Cubism was a new approach to representing reality invented around 1907–08 by Pablo Picasso and Georges Braque. They brought different views of subjects together in the same picture, resulting in paintings that appear fragmented and abstracted.
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Cubism was one of the most influential styles of the twentieth century, its beginning can be traced back to around 1907 with the famous painting by Picasso Demoiselles D’Avignon which included elements of the cubist style. The name ‘cubism’ derives from a comment by the critic Louis Vauxcelles after seeing some paintings by Georges Braque exhibited in Paris in 1908, and he described them as reducing entirely to ‘geometric outlines, to cubes’.
What inspired cubism?
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Cubism was partly influenced by artist Paul Cézanne’s latest work in which he paints things from slightly different points of view. Pablo Picasso was inspired by African tribal masks which despite being stylized still present a vivid human image. ‘A head’, said Picasso, ‘is a matter of eyes, nose, mouth, which can be distributed as you wish’.
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The development of the movement from 1910 to 1912 is often referred to as Analytical Cubism. During this period, Picasso and Braque’s works became so similar that their paintings are almost indistinguishable. The Analytic Cubist paintings of both artists show the decomposition, or analysis, of form. They simplified their color schemes to an almost monochromatic so as not to distract the viewer from the artist’s primary interest—the structure of form itself. The monochromatic color scheme was suitable for the presentation of complex, multiple visions of the object, reduced to opaque and transparent overlapping planes. Forms are generally compact and dense in the center of an Analytic Cubist painting, enlarging as they spread toward the edges of the canvas, as in Picasso’s Portrait of Ambroise Vollard (1909–10).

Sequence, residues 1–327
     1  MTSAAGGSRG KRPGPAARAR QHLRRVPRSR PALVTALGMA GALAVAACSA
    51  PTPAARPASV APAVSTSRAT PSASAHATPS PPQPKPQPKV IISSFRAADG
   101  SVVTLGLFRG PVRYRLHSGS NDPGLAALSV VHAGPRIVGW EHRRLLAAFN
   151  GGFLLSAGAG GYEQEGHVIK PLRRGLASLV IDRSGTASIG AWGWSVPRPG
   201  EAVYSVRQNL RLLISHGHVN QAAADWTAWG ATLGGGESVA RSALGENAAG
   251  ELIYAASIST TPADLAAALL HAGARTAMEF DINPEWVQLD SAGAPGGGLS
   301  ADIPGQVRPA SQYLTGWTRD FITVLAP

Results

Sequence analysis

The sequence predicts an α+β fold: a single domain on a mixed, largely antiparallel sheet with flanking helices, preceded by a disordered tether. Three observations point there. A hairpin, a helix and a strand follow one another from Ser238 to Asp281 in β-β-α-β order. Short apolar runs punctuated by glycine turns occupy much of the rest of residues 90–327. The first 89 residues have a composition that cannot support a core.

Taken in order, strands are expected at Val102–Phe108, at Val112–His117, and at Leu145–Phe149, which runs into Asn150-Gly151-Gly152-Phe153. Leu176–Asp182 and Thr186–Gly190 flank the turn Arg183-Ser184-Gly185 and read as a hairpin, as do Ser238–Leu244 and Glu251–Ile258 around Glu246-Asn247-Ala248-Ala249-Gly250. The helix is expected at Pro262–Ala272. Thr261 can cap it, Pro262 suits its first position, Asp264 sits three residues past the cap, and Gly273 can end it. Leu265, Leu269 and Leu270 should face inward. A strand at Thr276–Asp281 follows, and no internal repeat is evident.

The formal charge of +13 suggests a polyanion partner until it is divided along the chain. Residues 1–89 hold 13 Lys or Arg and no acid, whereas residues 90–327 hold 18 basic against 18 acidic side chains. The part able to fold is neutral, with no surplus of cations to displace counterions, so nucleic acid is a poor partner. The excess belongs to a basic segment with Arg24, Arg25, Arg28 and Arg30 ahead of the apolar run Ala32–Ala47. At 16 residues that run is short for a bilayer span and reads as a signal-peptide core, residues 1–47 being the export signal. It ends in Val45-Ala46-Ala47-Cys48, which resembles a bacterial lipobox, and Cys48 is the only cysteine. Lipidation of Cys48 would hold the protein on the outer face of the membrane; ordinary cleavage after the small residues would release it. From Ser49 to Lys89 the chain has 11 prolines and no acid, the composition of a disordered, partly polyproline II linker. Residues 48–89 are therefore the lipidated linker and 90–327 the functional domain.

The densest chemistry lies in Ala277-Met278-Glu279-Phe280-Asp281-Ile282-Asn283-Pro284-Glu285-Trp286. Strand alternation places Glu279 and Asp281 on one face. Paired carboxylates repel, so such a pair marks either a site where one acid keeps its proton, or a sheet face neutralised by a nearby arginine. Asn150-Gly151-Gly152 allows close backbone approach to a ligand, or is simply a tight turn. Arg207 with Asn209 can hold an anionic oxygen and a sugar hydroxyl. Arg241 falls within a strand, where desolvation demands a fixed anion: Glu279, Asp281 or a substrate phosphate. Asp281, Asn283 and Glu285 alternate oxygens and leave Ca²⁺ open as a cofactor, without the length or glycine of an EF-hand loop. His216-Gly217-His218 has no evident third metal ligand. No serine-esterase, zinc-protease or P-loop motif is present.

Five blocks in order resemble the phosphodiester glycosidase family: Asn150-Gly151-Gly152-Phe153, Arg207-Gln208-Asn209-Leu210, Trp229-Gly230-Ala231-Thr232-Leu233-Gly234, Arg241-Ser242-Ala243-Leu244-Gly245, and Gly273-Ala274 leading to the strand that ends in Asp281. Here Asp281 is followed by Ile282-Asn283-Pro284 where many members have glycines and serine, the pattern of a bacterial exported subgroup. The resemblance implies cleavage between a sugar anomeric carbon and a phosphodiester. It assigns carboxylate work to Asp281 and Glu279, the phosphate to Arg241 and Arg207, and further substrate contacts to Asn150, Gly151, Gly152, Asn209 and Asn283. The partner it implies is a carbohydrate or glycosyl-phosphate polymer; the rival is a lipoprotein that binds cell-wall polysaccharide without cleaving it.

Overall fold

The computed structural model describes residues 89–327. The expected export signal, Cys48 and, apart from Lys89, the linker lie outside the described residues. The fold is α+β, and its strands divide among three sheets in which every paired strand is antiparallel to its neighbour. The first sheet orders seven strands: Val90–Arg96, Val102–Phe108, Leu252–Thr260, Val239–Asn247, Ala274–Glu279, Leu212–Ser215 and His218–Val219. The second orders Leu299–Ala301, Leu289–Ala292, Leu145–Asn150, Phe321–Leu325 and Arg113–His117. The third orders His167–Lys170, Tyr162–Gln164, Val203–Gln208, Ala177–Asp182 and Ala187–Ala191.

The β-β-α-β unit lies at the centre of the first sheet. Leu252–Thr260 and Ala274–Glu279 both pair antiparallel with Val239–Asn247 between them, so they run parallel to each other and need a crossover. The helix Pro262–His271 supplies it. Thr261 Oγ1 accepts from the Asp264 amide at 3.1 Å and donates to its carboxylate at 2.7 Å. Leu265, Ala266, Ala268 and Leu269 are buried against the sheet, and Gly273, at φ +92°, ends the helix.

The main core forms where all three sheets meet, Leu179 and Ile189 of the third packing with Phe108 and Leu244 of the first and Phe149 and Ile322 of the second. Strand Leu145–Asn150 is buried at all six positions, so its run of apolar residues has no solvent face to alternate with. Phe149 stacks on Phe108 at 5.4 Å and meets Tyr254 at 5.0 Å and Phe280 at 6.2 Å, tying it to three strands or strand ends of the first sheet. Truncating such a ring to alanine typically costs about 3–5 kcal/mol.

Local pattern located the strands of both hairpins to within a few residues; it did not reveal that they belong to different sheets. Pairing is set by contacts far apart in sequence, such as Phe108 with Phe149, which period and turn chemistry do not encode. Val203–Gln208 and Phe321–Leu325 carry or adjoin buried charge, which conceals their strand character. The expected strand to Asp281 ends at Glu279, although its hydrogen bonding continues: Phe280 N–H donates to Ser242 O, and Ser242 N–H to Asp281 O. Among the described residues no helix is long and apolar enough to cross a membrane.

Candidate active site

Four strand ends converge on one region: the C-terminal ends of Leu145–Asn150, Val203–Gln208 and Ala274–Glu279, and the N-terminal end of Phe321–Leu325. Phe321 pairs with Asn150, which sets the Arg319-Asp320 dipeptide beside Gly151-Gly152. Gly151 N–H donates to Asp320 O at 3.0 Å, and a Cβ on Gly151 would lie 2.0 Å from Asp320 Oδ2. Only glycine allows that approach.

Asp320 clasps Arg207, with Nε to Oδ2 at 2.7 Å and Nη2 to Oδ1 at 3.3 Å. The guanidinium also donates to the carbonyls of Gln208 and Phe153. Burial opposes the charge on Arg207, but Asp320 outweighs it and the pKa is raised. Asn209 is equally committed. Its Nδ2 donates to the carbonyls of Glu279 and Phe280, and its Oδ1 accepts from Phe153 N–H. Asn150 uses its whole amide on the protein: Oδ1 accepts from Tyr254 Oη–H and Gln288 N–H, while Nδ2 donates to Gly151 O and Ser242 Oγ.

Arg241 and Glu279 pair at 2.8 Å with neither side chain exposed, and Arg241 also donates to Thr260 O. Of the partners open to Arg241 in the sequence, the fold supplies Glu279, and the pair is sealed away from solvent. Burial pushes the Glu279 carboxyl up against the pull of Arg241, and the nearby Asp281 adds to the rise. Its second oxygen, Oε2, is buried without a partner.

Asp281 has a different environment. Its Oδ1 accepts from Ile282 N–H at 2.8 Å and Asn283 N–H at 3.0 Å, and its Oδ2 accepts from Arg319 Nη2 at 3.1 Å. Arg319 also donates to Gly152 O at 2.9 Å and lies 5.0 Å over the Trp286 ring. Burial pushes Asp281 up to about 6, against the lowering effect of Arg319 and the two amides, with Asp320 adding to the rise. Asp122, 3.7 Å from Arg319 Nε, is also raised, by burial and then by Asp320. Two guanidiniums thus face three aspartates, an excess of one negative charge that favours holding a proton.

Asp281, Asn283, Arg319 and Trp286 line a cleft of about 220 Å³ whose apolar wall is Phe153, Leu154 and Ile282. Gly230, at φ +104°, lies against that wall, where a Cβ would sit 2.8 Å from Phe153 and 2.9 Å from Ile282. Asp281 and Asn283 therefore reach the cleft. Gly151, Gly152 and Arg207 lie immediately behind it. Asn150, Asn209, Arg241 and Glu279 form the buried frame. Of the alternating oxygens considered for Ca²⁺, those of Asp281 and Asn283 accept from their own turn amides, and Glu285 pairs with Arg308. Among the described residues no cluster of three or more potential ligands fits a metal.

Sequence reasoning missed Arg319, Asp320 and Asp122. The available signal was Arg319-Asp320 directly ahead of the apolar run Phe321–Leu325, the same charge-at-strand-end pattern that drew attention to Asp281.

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Around 1912, the styles of Picasso and Braque begin to become predictable. Their images were so similar that their paintings from this period are often difficult to distinguish. Their work was increasingly abstract and less recognizable as the subject of their titles. To revitalize the style and pull it back from total abstraction, Picasso began pasting printed images from the ‘real world’ onto the surface of his still lifes. The first example of this ‘collage’ technique was his painting ‘Still Life with Chair Caning’ which opened the doors to the second phase of the Cubist style: Synthetic Cubism. Influenced by the introduction of bold and simple collage forms, Synthetic Cubism moved away from the unified monochrome surfaces of Analytic Cubism for a more direct, colorful and decorative style. Synthetic cubist images appear more abstract in their use of simplified forms, although the other elements of their composition are applied in a fairly traditional way.
Cubism in sculpture
Cubist sculpture developed parallel to Cubist painting. In the autumn of 1909 Picasso sculpted Head of a Woman (Fernande) with positive traits represented by negative space and vice versa. The firts sculptor in Paris to join the Cubist was Joseph Csaky, after Archipenko, with whom he exhibited from 1911 onwards. Later joined Raymond Duchamp-Villon and then in 1914 by Jacques Lipchitz, Henri Laurens and Ossip Zadkine.
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The Cubist construction was as influential as any Cubist pictorial innovation. It was the stimulus behind the proto-Constructivist work of both Naum Gabo and Vladimir Tatlin and thus the starting point for the entire constructive trend in 20th-century modernist sculpture.
https://www.tate.org.uk/art/art-terms/c/cubism https://www.britannica.com/art/Cubism https://en.wikipedia.org/wiki/Cubism http://www.artyfactory.com/art_appreciation/